Russia and China on Saturday vetoed a United Nations Security Council resolution that sought to stop the Syrian regime's brutal crackdown on an 11-month uprising as activists reported that Syrian security forces had "massacred" more than 250 people using mortar shells, tanks and snipers in the western city of Homs.
President Obama also accused Syrian President Bashar Assad's regime of murdering hundreds of Syrian citizens, including women and children.
At the Security Council, U.S. Ambassador to the U.N. Susan Rice said the U.S. was "disgusted" by the veto by Russia and China.
Vitaly Churkin, Russia's ambassador to the U.N., defended his country's veto saying the draft resolution did not reflect Russian proposals that the Syrian opposition distance itself from "extremist groups" and that these groups end their attacks on state institutions.
The resolution did not "adequately reflect" the real state of affairs in Syria and has sent "an unbalanced signal to the Syrian parties," he said.
Ms. Rice said the revised draft "more than accommodates" the concerns of its critics who worried about the use of force and sanctions.
Meanwhile, Russian Foreign Minister Sergey Lavrov will travel with Russian foreign intelligence service chief Mikhail Fradkov to Syria on Tuesday to meet with Mr. Assad. Mr. Lavrov met Secretary of State Hillary Rodham Clinton in Munich earlier on Saturday to discuss developments in Syria.
Ms. Rice said opponents of the Security Council resolution "stand behind empty arguments and individual interests while delaying and seeking to strip bare any text that would pressure Assad to change his actions."
In a thinly veiled swipe at Russia, she added, "This intransigence is even more shameful when you consider that at least one of these members continues to deliver weapons to Assad."
Russia, one of five veto-wielding permanent members of the Security Council, is reluctant to topple Mr. Assad in part to protect its huge military contracts with the regime.
The draft text supported an Arab League plan toward a peaceful resolution of the crisis.
Meanwhile, sources in Syria said more than 900 people had been wounded in the assault on the battered city. The death toll was expected to escalate as doctors faced an acute shortage of medical supplies and blood for transfusions. Video clips depicted chaotic scenes and a number of dead and wounded.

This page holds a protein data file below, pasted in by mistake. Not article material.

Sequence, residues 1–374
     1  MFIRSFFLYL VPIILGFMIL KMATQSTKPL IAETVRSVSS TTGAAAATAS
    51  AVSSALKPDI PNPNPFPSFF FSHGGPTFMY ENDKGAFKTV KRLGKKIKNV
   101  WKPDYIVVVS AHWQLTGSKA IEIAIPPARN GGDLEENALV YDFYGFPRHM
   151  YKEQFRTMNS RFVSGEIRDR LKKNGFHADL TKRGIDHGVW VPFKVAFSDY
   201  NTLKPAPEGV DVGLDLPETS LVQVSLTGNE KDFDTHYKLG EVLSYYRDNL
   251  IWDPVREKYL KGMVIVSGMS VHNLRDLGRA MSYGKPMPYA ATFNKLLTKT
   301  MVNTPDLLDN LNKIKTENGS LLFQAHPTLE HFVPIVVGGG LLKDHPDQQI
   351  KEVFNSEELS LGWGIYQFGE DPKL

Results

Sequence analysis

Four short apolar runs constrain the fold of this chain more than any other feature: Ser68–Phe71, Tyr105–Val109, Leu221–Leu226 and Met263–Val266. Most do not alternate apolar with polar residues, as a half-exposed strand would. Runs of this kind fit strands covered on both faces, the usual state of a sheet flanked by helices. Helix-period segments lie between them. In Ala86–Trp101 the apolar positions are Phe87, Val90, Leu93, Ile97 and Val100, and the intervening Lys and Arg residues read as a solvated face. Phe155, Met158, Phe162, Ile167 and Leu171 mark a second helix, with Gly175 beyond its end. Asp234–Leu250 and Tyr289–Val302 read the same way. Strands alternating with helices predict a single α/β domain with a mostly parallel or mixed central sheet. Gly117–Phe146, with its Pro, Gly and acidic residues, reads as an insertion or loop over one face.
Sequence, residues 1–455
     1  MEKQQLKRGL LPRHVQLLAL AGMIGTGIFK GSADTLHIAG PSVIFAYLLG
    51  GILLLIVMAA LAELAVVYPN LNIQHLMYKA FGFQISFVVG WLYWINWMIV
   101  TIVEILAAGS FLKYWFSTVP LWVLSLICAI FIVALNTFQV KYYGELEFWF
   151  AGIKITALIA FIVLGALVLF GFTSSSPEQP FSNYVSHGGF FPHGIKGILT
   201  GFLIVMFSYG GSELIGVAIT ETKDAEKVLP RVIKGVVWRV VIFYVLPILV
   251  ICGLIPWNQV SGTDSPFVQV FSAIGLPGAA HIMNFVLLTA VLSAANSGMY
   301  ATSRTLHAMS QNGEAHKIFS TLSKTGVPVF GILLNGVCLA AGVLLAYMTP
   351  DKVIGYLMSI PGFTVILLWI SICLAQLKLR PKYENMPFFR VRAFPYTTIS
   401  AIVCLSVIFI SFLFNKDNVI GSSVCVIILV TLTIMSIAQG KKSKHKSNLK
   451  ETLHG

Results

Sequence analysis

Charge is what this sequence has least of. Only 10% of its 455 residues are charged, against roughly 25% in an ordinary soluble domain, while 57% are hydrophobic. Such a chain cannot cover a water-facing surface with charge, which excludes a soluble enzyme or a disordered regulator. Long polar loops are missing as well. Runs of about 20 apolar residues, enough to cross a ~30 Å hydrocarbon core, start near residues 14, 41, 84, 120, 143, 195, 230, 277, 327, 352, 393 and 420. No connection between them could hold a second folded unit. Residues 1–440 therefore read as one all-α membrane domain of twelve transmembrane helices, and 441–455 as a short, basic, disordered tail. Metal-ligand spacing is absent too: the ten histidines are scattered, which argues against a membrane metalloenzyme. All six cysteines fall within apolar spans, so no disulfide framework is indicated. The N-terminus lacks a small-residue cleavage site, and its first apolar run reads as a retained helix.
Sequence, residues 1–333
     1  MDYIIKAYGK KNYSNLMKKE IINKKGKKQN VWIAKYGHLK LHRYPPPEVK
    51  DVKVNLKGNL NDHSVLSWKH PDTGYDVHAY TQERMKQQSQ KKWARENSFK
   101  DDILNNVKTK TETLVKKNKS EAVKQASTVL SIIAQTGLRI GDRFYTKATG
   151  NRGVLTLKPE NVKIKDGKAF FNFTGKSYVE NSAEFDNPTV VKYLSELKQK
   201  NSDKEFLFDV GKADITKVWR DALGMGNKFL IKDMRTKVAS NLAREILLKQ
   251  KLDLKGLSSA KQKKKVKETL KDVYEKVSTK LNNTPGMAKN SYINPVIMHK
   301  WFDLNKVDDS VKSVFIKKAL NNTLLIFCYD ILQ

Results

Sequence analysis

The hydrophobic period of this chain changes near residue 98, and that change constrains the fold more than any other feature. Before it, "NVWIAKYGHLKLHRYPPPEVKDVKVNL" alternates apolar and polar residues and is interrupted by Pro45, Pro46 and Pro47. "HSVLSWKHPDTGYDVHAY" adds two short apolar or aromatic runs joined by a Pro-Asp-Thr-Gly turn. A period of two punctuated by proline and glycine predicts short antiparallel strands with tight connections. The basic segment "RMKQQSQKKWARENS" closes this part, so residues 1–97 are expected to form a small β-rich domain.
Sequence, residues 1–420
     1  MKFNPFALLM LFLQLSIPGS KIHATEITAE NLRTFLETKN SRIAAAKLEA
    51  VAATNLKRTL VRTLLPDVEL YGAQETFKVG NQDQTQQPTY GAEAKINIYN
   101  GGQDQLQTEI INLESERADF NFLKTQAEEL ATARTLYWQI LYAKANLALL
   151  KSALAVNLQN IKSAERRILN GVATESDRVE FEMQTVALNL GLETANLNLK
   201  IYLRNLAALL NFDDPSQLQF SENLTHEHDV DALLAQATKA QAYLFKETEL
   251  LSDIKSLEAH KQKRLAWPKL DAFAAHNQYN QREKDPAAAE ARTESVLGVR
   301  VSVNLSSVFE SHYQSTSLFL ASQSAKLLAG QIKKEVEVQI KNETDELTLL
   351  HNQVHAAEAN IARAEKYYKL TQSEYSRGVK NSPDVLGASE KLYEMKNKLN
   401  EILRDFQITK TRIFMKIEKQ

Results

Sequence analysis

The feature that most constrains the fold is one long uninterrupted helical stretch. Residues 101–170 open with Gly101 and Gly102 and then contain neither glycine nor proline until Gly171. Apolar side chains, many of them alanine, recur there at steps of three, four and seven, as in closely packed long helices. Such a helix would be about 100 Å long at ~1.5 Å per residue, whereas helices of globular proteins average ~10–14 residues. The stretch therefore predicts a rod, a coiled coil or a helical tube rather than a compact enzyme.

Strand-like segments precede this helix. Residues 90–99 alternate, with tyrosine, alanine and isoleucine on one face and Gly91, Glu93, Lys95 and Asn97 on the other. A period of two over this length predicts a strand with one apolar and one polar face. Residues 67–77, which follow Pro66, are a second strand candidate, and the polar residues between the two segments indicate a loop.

President Obama issued a sharply worded statement on Saturday in which he condemned the Assad regime's "unspeakable assault against the people of Homs" and accused it of murdering hundreds of Syrian citizens, including women and children.
"Assad must halt his campaign of killing and crimes against his own people now. He must step aside and allow a democratic transition to proceed immediately," Mr. Obama said.
Syrians demonstrated in large numbers across the country on Friday to commemorate the 30th anniversary of the massacre in the city of Hama by the regime under Mr. Assad's father, Hafez Assad.
"Thirty years after his father massacred tens of thousands of innocent Syrian men, women and children in Hama, Bashar al-Assad has demonstrated a similar disdain for human life and dignity," Mr. Obama said.
The Syrian government has denied the accusations.
The Homs neighborhood Khalidiya has borne the brunt of the regime's latest assault. Mortar shells rained down on the neighborhood throughout the night and were replaced by sniper fire early on Saturday morning, residents said.
"Assad's forces are massacring people in Khalidiya," said a Homs resident who spoke on the condition of anonymity out of concern for his safety. Dozens of buildings had been destroyed, and several people are believed to be trapped under the debris.
Mousab Azzawi, a London-based spokesman for the Syrian Network for Human Rights, which comprises 113 activist groups, said in an Internet phone interview that the death toll in Homs is likely to rise dramatically because of a shortage of medical supplies and blood at the field hospitals. He said 953 persons have been injured, and 211 of them are in a very critical condition.
Residents rushing to the aid of those wounded or buried in debris were killed as security forces opened fire on their vehicles.
Video clips shared by Syrian activists showed chaotic scenes and a number of dead and wounded people. The authenticity of these images could not be independently verified as Syria has barred the entry of foreign journalists.
"Khalidiyah was targeted because it was the heart of the uprising," Dr. Azzawi said.
He said the regime was trying to send two distinct messages — one to the Syrian people: that it is not afraid of repeating a massacre like in Hama in 1982; and the other to the international community: that it is not weakened and will fight to the end.
The regime's forces also attacked Ar-Rastan and the desert city of Palmyra in Homs province. A major battle was under way against military deserters known as the Free Syrian Army in the city of Zabadani near the border with Lebanon.
"The regime is using aircraft to bomb the city, and more than 70 tanks" are engaged in the battle in Zabadani, said Abdullah Ali Al-Sayed, a member of the Free Syrian Army.
"The Assad regime has gone crazy," he said, adding that the regime's forces have used nail bombs in Zabadani.
A violent crackdown was also continuing in the province of Idlib in the northwestern part of the country and in the suburbs of the Syrian capital Damascus, where sources said 26 people had been killed in an attack on a funeral.
Mr. Obama said the regime's policy of maintaining power by terrorizing its people "only indicates its inherent weakness and inevitable collapse."
"The suffering citizens of Syria must know: We are with you, and the Assad regime must come to an end," he said.
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